Everybody knows that the true joy of playing Football Manager is getting a decade or so into the future and seeing the new Messis and Ronaldos and Mourinhos and Guardiolas come and go. Reddit user “Lorf_Yimzo” took this to its logical conclusion, setting up a save in England, simulating into the year 3015, and checking out the stats.
You should check out the whole post over there, but we’ll give you a few of the highlights. The largest and most in depth document to come from the “Millennial Sim” is a spreadsheet collecting all the results of each EPL, Champions League, Europa League, FA Cup, and League Cup results and creating a point system depending on their placement in those competitions to determine who was the most successful club in that span. The results are not what you’d expect.
By far the two most decorated English clubs between 2015 and 3015 were Burnley and Sheffield United. Burnley won the Prem 138 times, second only to Sheffield’s 167 league trophies. In fact, the only usual suspects among the top 10 in this guy’s formula are Arsenal (5th) and Manchester City (9th). Joining that top-tier of dominating clubs are teams like Plymouth Argyle, Southend United, and Rotherham United. The biggest loser in the coming millennium is easily Chelsea, whose one Premier League trophy was less than such English luminaries like Exeter City, Maidstone United, and Chesterfield.
Now this is just conjecture on my part, but I think there are a few factors playing into the unreality of this simulation that prides itself on verisimilitude. One is the financial realities of big clubs and small ones in Football Manager. It’s much easier for an up-and-coming second division team to up-and-come their way into the Champions League in the game than in real life. For smaller teams, all of the money and prestige that comes with being a UCL regular is basically profit, allowing them to reinvest it in better players, better coaches, and bigger stadiums, which doubles down on their growth.
On the other hand, the game is kind of dumb in that it will let big clubs spend themselves into oblivion, usually on bloated contracts for former greats. When those greats of yesteryear no longer perform to their reputation and weekly wages, it sends the club into a financial death spiral that is exacerbated by their existing debt. In short, smaller, debt-free clubs are better able to capitalize on success and weather failure than big ones are.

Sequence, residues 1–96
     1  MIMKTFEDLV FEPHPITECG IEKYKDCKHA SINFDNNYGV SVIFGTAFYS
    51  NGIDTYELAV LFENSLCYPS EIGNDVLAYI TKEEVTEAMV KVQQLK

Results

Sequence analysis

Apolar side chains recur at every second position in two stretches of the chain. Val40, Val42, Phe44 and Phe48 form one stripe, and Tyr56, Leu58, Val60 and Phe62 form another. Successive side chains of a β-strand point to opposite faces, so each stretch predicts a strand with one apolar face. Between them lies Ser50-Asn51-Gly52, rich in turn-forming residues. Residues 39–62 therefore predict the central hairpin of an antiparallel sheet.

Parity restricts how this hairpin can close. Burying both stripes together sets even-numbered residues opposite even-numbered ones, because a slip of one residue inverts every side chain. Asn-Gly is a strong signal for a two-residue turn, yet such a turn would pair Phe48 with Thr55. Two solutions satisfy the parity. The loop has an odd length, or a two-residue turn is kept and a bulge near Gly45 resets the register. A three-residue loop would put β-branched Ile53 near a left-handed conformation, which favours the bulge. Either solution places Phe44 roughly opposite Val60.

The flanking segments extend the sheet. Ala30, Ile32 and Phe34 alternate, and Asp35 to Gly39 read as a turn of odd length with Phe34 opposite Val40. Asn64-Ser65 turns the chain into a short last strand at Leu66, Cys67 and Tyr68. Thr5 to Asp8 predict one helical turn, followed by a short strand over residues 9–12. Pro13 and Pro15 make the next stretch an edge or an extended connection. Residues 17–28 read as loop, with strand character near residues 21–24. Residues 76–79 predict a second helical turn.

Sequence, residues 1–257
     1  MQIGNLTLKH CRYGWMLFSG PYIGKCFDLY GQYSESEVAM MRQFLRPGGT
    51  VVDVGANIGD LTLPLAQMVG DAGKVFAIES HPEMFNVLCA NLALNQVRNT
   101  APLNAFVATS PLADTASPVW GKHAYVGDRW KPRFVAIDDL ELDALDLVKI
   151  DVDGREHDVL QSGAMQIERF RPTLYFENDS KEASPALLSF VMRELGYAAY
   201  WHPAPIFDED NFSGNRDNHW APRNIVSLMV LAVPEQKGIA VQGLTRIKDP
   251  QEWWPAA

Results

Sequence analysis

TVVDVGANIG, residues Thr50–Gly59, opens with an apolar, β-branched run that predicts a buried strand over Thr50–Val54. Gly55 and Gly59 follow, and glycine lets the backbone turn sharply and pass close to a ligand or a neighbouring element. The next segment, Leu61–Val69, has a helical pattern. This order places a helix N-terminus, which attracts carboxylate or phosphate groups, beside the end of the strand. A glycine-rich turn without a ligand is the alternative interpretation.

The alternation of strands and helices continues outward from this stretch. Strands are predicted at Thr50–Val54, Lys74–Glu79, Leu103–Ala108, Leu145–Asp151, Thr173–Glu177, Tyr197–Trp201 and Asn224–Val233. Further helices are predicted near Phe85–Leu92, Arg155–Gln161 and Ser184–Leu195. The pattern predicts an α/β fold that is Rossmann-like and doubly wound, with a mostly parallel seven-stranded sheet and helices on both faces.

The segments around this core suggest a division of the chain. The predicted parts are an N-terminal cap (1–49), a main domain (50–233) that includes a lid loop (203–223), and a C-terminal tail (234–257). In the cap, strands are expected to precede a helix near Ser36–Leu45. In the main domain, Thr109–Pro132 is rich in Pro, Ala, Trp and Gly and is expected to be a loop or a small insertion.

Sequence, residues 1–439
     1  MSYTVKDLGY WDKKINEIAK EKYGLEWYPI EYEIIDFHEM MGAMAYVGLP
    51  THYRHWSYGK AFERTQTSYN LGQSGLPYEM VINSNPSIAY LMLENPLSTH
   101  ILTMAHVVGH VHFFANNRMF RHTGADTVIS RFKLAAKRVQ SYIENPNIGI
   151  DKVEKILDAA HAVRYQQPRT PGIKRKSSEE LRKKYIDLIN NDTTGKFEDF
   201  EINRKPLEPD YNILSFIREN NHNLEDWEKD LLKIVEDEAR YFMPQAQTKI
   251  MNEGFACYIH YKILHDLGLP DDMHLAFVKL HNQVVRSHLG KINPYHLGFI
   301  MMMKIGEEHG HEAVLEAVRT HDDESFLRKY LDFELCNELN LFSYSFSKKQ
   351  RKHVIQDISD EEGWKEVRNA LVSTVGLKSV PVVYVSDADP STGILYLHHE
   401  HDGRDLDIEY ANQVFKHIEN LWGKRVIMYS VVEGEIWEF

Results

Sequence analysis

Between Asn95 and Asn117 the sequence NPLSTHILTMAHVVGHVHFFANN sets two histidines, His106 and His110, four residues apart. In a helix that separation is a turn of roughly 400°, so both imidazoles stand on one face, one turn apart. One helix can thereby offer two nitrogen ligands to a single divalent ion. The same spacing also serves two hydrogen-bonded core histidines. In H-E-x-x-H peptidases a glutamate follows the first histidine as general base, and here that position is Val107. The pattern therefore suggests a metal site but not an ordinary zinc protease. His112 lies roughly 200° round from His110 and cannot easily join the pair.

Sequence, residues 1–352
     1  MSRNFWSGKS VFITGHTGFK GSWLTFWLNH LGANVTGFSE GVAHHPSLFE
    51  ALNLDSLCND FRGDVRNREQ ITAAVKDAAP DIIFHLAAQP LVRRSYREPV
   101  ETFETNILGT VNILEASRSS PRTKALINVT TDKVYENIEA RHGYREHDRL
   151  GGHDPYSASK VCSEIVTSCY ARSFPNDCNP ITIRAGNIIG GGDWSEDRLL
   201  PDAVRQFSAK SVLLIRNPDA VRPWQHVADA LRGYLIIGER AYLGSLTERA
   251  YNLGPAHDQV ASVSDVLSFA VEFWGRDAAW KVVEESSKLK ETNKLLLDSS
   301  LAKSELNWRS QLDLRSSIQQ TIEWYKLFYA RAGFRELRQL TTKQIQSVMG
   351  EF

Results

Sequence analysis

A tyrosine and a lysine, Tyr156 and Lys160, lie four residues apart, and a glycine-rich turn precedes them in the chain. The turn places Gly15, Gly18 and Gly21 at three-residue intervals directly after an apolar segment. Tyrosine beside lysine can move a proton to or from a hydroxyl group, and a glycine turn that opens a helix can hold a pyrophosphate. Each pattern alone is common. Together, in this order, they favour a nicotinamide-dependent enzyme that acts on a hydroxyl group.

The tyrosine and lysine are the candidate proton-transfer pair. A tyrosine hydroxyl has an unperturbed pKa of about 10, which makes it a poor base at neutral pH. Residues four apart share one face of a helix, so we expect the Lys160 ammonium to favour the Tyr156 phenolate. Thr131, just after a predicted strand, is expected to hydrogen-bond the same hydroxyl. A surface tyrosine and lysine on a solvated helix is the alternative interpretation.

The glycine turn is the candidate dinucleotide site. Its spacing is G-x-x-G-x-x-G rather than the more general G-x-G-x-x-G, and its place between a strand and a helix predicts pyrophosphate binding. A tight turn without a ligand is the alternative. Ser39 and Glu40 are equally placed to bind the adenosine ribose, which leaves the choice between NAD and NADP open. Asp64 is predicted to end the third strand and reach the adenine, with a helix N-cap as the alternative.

Also, by making only England a playable nation, that country will grow more wonderkid regens than other countries. With none but the biggest handful of traditional European powers there to pluck these budding stars up, it’s possible to ride a homegrown, star-studded forward line to glory that reverberates for generations. This is also reflected in England’s dominance in the World Cup in this simulation. (All stats here but England’s 41 World Cup trophies dwarf all comers; somewhat bizarrely, Venezuela wind up second best with 25.)
Some of what’s so interesting about this whole thing are the comparison between records that are and are not broken. Here’s a screencap of an assortment of league records in the Premier League:
The biggest win is still Man Utd’s 9-0 demolition of Ipswich in 1995, and Arsenal’s 49-match unbeaten streak between 2003-04 also stands the test of time. Shrewsbury Town reached a new nadir for incompetence, going 37 consecutive games in the 2986-87 season without eking out a single win, while Cardo Kiaku of Preston breaks all current single-season scoring record with his 36 goals in 2606-07. Keep an eye on that Cardo Kiaku.
The European competitions offer more intrigue. (Screenshot of Champions League records above, Europa League here.) Real Madrid keep their spot as best club in Europe, at some point getting La Centécima before settling for 108 cups. Cristiano Ronaldo’s 17 goals in a UCL campaign is also never bested, which is probably the case in La Liga, too, validating the idea that he and Lionel Messi are so insanely dominant that their goal-scoring numbers are too outrageous even for video games.
One of the ways you can see the game sort of crack under the weight of 1,000 years, though, is in the stadium sizes. In 2987-88, Celtic set the all-time Champions League average attendance record with over 500,000 people showing up to the stands each game. That’s basically the entire population of modern-day Glasgow.
Again, check out the whole thread for more. You can even download the save yourself to either investigate more or start up a managerial career of your own starting then. Winning in 3015 can’t be that hard if England are doing it.